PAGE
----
Putting proper store in grassroots solutions
Update 10am: Indigenous Affairs Minister Jenny Macklin’s office has provided The Punch with this statement: The Government has not cut funding for Mai Wiru stores. In fact, the Government has offered Mai Wiru continued funding while it considers a range of options to best support stores in the APY Lands. We are working closely with the community and Mai Wiru to do this work. Outback Stores run a number of successful community stores across remote Australia. They only operate in places where they have the support of the community.
The Federal Government is in the process of a hostile takeover of community stores in South Australia’s remote APY lands. Aboriginal communities are fighting hard to preserve their grassroots model with its explicit focus on healthy eating.
It is hard to believe, but even services with exemplary outcomes face the chop in the year of the Federal balanced budget. Community-led Commonwealth-funded Mai Wiru will have its funding terminated this week and its twelve stores closed, liquidated and replaced by Canberra’s preferred provider; Outback Stores. The South Australian Government has advised they do not to have the funds available to support Mai Wiru and have sent the organisation back to the architect of the takeover, Federal Minister Jenny Macklin.
Outback Stores have a chequered history since they received $48.1 million in 2005, to enter communities by invitation and upgrade community store infrastructure, capacity and viability. To date, up to $80 million of funds have been provided, despite only 21 of a possible 110 stores in the Northern Territory signing up to the model.
Outback Stores have responded with a harder sell, with capital upgrades used as potential inducements to gain a community foothold. With millions in cash, such a monopoly arrangement has left many communities over a barrel. If you want an upgraded store, improved infrastructure and all the bells and whistles, local store control must be repatriated to this Darwin-based federally funded arrangement.
So why are Aboriginal people from South Australia’s APY Lands fighting for Mai Wiru? Local Aboriginal elders cite a range of reasons. They cherish the grassroots organisation and the centrality of ‘their store in their community.’ Stores in remote communities are in every sense an essential service, as well as being the community focal point. That is what sets remote stores apart from their urban equivalents.
Outback Stores on the other hand is a wholly Government-owned business. In contrast to Mai Wiru which genuinely operates as not-for-profit, locals worry that Outback Stores’ profits may be repatriated to head office or to other regional stores.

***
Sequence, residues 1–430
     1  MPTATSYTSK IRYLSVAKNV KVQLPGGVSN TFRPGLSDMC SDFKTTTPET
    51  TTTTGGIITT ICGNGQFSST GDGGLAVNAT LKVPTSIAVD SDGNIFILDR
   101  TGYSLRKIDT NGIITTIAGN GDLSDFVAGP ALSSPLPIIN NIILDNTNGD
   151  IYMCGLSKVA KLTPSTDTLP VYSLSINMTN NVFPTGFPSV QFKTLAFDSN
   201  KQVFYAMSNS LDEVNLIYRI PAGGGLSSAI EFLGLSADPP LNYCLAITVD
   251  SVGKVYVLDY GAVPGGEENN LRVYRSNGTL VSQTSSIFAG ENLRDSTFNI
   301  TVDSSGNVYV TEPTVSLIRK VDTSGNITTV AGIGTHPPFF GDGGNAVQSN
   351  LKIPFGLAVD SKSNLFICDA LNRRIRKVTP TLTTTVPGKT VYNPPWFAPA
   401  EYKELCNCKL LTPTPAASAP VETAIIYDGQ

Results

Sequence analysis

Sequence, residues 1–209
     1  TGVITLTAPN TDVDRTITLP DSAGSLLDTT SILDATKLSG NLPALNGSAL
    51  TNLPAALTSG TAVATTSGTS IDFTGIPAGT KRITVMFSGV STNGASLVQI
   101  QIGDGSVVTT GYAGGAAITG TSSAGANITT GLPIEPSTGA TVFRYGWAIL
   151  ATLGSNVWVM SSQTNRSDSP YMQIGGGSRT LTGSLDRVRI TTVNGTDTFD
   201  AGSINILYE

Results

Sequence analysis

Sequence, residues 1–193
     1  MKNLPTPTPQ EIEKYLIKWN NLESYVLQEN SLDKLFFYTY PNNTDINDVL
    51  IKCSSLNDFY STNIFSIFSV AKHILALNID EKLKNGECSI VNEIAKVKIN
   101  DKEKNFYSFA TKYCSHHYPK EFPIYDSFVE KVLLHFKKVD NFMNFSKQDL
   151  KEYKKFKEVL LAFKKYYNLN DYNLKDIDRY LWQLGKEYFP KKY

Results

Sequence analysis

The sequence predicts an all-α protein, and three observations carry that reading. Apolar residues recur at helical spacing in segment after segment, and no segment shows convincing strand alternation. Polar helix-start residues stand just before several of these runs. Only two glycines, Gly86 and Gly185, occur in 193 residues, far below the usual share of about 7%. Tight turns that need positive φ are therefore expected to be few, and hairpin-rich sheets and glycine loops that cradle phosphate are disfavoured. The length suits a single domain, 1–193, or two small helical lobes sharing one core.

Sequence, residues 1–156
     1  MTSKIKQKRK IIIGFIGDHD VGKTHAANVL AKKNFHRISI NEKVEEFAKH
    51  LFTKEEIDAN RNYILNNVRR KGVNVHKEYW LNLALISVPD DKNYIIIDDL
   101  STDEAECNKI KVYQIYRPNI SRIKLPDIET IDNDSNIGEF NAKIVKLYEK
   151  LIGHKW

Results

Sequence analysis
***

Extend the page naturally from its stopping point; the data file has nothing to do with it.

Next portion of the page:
Finally Mai Wiru approaches the stores as a vehicle to impact community health, rather than the Outback Stores model which sees stores as independent businesses with some health aspects.
Australia should be celebrating that its most traditional and remote citizens have developed an effective regional food security model that is achieving health outcomes in a way that a national model hasn’t. During an APY Lands general meeting in the town of Amata last week, it was discussed that Mai Wiru was the first organisation to grapple with food security issues in Central Australia and that they had received a National Heart Foundation Award in 2007.
We should be inspired that Mai Wiru’s twelve directors are all indigenous and drawn from each of their twelve stores, plus representation from the APY Lands and one each from Nganampa Health, NPY Women’s Council and APY. In comparison, Outback Stores have a three-member national board, with no positions filled by Indigenous Australians.
According to leading APY Lands figure, Mr Kawaki (Punch) Thompson: “They talk about Closing the Gap, but really they are taking resources away from Aboriginal people. It is happening before our eyes… We are doing this, not just for ourselves, but also for the future of our children.”
In a final bid to survive, Mai Wiru submitted its costings to the Government to prove the efficiency and effectiveness of its stores’ model. It appears that a comparison with Outback Stores has simply never occurred.
The general meeting of the APY Lands community challenged Minister Macklin’s intentions, asking, “You can find tens of millions of dollars of funding for a non-Aboriginal Organisation to help remote Aboriginal Stores, but you won’t fund a successful Aboriginal organisation that is already doing the job, to help remote Aboriginal Stores. Minister Macklin, what is different about us?”
It is time Jenny Macklin and Warren Snowdon declared publicly their intentions for stores in the APY Lands. Mai Wiru deserves an even chance to demonstrate their effectiveness. In fact, they are entitled to a fair cut of the resources selectively poured into the Northern Territory but shouldn’t have to dump their own solutions in order access them.
Outback Stores was never intended to be inflicted on unwilling communities. By doing so, the federal government risks wiping out an inspiring and successful local organisation, and replacing them with an unwelcome entity whose track record is no better.
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